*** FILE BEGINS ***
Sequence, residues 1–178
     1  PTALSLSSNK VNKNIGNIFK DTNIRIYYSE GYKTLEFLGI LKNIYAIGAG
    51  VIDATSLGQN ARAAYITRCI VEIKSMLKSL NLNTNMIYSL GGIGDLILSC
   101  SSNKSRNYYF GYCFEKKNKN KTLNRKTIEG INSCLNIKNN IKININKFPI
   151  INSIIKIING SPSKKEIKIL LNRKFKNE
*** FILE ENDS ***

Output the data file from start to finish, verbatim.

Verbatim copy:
Sequence, residues 1–178
     1  PTALSLSSNK VNKNIGNIFK DTNIRIYYSE GYKTLEFLGI LKNIYAIGAG
    51  VIDATSLGQN ARAAYITRCI VEIKSMLKSL NLNTNMIYSL GGIGDLILSC
   101  SSNKSRNYYF GYCFEKKNKN KTLNRKTIEG INSCLNIKNN IKININKFPI
   151  INSIIKIING SPSKKEIKIL LNRKFKNE